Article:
The use of the energy in ATP is quite complex. Since my college days our knowledge of how ATP is used has broadened considerably.
Let's look first at the role of ATP in the sodium-potassium pump. This pump uses roughly 20% of the ATP your body produces, even more if you are a couch potato. ATP powers this process by attaching its terminal phosphate group to the pump. The phosphate group is highly charged. Its attachment pulls and tugs on some regions of the pump and repels other regions due to the fact that many of the amino acids comprising the pump are polar or charged. These electrical, magnetic-like, interactions change the shape of the pump. This causes sodium ions to be pumped outside the cell even though they are more plentiful there. When the phosphate is released, the pump returns to its original shape bringing in potassium ions and reloading sodium. It is this pumping action that, among other things, provides the energy for messages in nerve and muscle cells (action potentials).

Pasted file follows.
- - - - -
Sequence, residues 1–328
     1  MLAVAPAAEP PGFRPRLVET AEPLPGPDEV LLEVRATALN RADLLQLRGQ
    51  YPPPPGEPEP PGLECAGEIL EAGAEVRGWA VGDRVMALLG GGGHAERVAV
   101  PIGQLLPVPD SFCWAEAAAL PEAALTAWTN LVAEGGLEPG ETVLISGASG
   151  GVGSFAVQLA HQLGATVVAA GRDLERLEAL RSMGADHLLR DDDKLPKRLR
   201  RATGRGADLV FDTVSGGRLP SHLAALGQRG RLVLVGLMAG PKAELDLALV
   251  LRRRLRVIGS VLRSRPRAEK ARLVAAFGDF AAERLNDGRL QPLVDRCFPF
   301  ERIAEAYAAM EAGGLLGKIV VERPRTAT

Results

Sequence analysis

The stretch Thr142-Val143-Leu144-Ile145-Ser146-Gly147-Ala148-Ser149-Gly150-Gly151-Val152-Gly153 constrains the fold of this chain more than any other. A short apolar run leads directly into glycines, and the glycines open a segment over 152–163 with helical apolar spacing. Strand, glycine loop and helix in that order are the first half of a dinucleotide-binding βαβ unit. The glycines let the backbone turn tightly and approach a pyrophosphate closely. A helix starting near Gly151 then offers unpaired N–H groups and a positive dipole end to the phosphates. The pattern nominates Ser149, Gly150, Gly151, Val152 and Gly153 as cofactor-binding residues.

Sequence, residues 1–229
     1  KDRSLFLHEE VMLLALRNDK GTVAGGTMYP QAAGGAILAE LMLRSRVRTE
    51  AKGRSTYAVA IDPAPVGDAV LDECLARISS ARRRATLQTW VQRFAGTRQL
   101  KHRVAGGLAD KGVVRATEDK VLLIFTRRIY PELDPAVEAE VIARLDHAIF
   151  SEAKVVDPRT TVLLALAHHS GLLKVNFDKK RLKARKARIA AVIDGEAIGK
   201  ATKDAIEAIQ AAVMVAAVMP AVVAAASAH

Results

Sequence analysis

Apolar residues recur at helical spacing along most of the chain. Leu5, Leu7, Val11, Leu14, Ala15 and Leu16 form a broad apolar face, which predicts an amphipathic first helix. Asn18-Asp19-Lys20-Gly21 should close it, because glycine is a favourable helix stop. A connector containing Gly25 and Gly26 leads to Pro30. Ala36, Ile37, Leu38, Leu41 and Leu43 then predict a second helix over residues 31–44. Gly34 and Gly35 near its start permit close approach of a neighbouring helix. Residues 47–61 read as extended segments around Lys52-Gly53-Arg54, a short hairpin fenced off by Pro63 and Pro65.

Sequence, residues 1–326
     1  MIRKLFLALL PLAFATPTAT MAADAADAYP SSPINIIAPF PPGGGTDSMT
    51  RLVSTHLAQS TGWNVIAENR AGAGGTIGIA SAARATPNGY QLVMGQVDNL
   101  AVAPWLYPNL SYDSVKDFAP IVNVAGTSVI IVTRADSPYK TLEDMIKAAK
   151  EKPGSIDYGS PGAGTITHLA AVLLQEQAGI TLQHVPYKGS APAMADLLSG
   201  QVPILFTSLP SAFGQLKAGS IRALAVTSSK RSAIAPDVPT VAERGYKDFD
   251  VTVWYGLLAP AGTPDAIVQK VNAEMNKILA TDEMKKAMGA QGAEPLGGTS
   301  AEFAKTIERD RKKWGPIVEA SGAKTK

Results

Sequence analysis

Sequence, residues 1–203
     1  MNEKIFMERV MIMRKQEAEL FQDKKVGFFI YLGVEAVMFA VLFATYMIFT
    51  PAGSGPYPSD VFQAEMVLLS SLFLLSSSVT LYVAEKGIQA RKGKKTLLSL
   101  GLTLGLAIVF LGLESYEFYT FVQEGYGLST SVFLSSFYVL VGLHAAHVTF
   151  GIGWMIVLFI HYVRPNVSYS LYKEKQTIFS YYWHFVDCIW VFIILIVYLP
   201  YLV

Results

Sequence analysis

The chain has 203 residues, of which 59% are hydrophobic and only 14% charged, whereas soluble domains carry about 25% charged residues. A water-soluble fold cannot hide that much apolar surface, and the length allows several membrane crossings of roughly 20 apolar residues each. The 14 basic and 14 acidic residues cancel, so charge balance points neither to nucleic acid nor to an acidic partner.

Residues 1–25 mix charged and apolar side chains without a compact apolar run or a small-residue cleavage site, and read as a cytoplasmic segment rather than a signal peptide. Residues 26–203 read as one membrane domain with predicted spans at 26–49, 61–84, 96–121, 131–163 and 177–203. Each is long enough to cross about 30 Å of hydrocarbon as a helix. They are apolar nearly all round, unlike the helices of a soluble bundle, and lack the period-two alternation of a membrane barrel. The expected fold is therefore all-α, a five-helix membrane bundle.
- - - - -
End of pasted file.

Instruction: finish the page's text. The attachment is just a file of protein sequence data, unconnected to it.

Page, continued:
Probably the important energy use of ATP is this. Many of the reactions your body needs are uphill battles. That is, there is more energy in the substances we wish to produce (products) than in the substances which we must use for raw materials (reactants). So, the ATP attaches its phosphate to the reactant. This raises the energy in the reactant making it now have more energy (more unstable) than the product we wish to produce. The reaction now becomes "downhill" and can proceed naturally ("spontaneously") without holding a bunsen burner under your bottom. This concept is termed "coupled reactions" where we take the "downhill" breaking down of ATP and use it to power the "uphill" production of a requires substance.
There are two principal reasons a molecule becomes more energetic when a phosphate is attached. It is now more complex. Complexity increases instability, a consequence of the laws of thermodynamics. Another reason is that the highly charged phosphate creates stress in the molecule due to electrical interactions with other parts of the molecule.
Here's an image (mine) to show the concept of coupled reactions: